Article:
Natural light is not "infinitely better". If it were, then every movie in the world would default to natural light and every cinematographer would just use sunlight and reflectors... as some photographers do. If natural light was the best light, and you were producing a movie with a budget of millions of dollars, why wouldn't you always use it instead of spending millions more on generators and 10k floods that are gelled to match daylight?

The reason is that you don't have infinite control over natural light.

You do have ultimate control over artificial light. Daylight comes from one direction, and that's usually from above. My strobes can aim in any direction. Daylight tends to cast shadows on people's eyes. You don't have to believe me on this. Just go to the websites of photographers who shoot in 'natural light' and look at the color of people's eyes. The very same photographers who brag about using "natural light" tend to use diffusers and reflectors to put light back into their face. Which isn't exactly natural, and kinda kills the whole theory that natural light is better.

So why do photographers make this a point of contention? It could be that they don't have the technical expertise to combine real and artificial light. It might be that they don't want to haul around the equipment. Or who knows, they might not own it. From my point of view, I never want to be a the mercy of mother nature. I bring my own light. If I need it, its there. I am a perfectionist. I make the light perfect for the shot.

With that in mind, you've seen my headshot page by now. None of those images were restricted to natural light. I hope this dispels the myth.

What should I wear?

A lot of this depends on what your type is, but the basics are almost always the same.
  • Bring one casual outfit, one formal, and something that is 'you'.  More outfits are better, and give us both choices.
  • Don't bring clothes with patterns, logos, or words.  They distract from you.
  • Stay away from super bright colors unless they really do bring out your eyes.
  • Bright white should be avoided.
  • Think of the necklines that look best on you.  If we're shooting close up, consider that.
  • Remember that outfit that someone said looks great on you?  Please bring it!
  • Don't be afraid to think unconventional.  Just bring conventional along,  too.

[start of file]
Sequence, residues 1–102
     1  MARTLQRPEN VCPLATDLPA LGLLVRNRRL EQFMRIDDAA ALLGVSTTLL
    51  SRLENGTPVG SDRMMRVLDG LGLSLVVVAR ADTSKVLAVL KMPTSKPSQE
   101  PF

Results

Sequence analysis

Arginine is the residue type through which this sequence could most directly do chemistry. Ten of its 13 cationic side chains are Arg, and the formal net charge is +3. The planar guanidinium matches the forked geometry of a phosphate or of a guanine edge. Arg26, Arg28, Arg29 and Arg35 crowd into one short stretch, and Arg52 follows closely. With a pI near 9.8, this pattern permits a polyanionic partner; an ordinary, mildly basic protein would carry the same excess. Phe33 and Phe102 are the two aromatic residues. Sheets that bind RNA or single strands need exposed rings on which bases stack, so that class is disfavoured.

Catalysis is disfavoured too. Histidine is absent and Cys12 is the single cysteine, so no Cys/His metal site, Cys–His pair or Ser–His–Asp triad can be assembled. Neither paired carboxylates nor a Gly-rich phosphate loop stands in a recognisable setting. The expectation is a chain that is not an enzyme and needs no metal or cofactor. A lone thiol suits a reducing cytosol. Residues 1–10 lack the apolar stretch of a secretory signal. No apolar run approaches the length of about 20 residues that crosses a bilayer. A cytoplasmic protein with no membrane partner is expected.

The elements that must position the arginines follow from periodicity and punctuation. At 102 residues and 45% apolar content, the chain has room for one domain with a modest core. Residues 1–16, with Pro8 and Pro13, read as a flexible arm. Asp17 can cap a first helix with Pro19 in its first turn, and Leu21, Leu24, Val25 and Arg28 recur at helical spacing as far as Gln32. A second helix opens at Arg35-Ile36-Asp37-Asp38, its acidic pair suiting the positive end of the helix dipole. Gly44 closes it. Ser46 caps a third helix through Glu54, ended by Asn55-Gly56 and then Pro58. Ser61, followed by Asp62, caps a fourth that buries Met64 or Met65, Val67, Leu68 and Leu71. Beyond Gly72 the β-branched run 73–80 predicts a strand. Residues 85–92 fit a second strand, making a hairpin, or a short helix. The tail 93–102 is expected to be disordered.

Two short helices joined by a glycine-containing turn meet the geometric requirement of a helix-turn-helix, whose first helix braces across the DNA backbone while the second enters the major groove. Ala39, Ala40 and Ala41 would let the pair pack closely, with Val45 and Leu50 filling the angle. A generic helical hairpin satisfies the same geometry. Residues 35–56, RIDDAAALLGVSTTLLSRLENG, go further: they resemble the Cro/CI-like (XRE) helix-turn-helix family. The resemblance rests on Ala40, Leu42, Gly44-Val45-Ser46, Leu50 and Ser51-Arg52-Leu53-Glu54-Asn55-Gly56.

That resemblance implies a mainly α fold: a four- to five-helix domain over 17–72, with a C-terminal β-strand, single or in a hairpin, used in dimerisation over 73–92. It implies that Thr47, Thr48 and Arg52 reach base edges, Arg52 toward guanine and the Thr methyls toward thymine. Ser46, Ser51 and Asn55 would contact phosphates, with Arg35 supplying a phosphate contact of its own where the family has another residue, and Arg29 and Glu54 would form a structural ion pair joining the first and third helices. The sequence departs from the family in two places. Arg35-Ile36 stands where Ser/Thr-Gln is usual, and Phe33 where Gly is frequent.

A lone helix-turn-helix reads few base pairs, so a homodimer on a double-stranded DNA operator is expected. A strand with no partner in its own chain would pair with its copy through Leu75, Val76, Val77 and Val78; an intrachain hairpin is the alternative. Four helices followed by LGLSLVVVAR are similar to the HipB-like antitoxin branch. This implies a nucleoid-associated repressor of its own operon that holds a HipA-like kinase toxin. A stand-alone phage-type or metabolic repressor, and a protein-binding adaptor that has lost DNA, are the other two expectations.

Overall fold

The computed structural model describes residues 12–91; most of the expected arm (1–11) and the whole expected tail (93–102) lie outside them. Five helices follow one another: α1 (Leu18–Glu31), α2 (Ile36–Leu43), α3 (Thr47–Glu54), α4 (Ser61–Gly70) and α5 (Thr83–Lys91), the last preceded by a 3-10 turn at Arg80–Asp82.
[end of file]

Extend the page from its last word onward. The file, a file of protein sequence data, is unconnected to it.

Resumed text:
Should I shave for my headshots?

A lot of men with beards ask me this, and its hard to give a simple yes or no answer.
What is your type?  Does your beard change your look dramatically?  Would it be going against your type to shave?
In my opinion, it really varies from person to person depending on their goals, their look, and who they're trying to impress.  It never hurts to ask them, the person you are trying to impress, what they think you should do.  I can only give you an opinion on what looks good on you.  Quite often, that's different from what a director might see in you.

What else should I bring?

Music that you like on a CD, or an ipod.
A hairbrush, comb, and toothbrush.
Make-up if you insist on doing your own.  Bring more then one color of lipstick then one, please.

Black and White or color?

Color. Yes,

B&W looks cool, but if you want to get hired, get color headshots.
Its a reflection on how agencies are hiring.  Agencies are now responsible for an entire look, and unless they are doing a black and white campaign, they want to see every detail of you in color.

Tips for great headshots

  • Get sleep the night before.  Don't stay out drinking.  Please.  I am a great photographer, but I can't make up for you being hung over.
  • Treat your body well the week before.  Its just one week.  You can go back to abusing it after you take your headshot.
  • Just for guys;  if you shave regularly, do it at least 3 hours beforehand.  Most men get bumps after shaving.  Use a good blade or it will be the day that you accidentally cut yourself.
  • Photograph during the hours that you feel at your "peak".  Some of us are better in the evening, while others reach their speed in the afternoon.
  • Call your photographer the day before to confirm.  It makes us feel loved and respected.
  • Don't hire a photographer because someone is pressuring you to use them.
  • Hire me.

© All images on this website contain the copyright of John Henry Abbott, and are watermarked to protect the rights of the artists within. Any attempt to use these images without the consent of John Henry Abbott will be met with the provisions of title 17 of the U. S. Code.